Investigators ensured that each subject’s bloodstream was cleared of a magnesium supplement before exposing the subject to the next magnesium supplement.
Blood was taken every hour for 12-hours after taking the supplement or placebo.
Urine was collected for 24-hours.
Clinical Study Design: Measures
1. The primary measure in this study was the concentration of magnesium within the blood serum and urine between 0-8 hours after taking the four different magnesium supplements or the placebo.
2. To make sure that no stone was left unturned, there were 10 other secondary measurements including:
i. Blood serum magnesium between 0-10 hours.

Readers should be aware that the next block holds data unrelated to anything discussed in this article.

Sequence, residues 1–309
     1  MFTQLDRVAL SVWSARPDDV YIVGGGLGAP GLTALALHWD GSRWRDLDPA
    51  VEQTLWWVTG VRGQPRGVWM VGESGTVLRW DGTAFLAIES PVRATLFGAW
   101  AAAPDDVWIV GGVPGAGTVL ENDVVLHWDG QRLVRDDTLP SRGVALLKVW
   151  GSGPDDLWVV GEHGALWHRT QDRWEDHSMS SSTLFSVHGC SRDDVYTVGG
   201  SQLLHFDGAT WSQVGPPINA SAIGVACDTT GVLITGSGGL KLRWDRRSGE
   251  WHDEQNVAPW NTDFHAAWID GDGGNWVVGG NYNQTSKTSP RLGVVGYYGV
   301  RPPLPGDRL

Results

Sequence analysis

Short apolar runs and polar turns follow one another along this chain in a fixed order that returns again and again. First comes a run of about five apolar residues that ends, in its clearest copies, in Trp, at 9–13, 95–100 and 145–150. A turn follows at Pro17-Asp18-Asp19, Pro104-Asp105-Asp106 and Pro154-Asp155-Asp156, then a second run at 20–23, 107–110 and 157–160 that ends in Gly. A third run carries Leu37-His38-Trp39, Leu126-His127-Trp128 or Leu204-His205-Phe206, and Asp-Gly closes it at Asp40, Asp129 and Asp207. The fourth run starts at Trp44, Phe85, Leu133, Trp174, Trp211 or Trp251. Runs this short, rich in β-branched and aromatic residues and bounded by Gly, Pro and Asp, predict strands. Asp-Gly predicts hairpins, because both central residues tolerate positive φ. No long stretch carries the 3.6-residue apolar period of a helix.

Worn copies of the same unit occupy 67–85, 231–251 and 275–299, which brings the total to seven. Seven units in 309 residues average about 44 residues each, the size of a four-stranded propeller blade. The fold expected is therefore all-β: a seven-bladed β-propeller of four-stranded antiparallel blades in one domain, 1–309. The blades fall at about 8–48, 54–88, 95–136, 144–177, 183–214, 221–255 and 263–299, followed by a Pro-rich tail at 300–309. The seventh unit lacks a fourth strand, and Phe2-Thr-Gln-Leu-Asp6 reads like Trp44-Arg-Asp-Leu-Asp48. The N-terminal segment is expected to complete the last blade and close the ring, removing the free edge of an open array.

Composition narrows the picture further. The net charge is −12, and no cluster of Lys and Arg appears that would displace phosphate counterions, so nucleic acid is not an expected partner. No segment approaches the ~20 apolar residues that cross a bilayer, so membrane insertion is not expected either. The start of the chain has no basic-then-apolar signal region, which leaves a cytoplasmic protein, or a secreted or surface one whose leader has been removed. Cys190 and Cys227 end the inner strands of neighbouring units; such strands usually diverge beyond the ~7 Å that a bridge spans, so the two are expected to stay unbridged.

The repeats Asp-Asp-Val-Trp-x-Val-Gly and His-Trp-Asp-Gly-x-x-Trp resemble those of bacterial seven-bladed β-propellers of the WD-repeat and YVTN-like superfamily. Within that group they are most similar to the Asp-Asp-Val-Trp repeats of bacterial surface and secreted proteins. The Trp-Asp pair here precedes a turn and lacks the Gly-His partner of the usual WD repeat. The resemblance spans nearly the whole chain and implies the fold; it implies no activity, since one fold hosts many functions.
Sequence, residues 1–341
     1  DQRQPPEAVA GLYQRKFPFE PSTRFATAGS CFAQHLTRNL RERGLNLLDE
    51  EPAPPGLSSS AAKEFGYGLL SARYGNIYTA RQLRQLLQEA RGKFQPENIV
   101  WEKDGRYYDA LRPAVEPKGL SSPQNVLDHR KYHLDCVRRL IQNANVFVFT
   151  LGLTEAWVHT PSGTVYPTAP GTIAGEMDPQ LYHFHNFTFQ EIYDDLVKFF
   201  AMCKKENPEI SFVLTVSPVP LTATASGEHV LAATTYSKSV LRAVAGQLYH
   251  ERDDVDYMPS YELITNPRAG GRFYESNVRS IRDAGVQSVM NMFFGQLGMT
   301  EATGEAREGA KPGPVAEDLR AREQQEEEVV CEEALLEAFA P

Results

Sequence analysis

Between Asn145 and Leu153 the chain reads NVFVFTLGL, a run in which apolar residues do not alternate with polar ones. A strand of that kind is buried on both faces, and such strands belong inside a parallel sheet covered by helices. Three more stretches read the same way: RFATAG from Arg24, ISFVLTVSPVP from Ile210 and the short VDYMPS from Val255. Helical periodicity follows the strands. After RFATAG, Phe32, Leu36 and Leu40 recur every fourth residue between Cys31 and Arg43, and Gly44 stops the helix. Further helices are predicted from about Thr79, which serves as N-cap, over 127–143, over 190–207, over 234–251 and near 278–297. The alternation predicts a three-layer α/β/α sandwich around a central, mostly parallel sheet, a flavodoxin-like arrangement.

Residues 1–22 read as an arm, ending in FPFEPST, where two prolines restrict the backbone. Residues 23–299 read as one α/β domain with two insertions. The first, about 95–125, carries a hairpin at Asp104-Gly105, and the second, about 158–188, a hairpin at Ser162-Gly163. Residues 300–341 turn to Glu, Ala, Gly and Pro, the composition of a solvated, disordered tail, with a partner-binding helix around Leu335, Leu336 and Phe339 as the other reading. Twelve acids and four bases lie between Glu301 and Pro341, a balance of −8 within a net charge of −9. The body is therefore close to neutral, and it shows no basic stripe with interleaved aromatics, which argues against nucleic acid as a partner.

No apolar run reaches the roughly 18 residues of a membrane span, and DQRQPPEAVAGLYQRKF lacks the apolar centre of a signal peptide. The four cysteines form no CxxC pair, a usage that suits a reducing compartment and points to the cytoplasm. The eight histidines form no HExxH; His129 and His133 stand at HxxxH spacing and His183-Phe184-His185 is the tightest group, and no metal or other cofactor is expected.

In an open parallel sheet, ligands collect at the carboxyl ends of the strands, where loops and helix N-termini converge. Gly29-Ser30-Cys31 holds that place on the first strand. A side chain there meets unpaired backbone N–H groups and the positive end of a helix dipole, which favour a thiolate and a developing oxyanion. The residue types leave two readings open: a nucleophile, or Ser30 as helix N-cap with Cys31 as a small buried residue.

ii. Blood serum magnesium between 0-12 hours.
iii. Maximum concentration of blood serum magnesium (Cmax).
iv. Time of maximum concentration of blood serum magnesium (Tmax).
v. Urine magnesium between 0-10 hours.
vi. Urine magnesium between 0-12 hours.
vii. Urine magnesium between 0-24 hours.
viii. Maximum concentration of urine magnesium (Cmax)
ix. Time of maximum concentration of urine magnesium (Tmax)
x. 24h urine magnesium (total)
Why Measure Magnesium in the Blood Serum and Urine?
The process of magnesium absorption is complex, and measuring magnesium absorption in the human body is difficult. Magnesium concentration within the blood serum is influenced by:
- Hormonal fluctuations in the female premenopausal population.
- Circadian rhythm (A 24-hour cycle of a physiological process.)
- The body’s natural regulation of magnesium concentration in the blood (homeostasis).
To overcome the challenges of measuring magnesium absorption, researchers have developed three measuring models: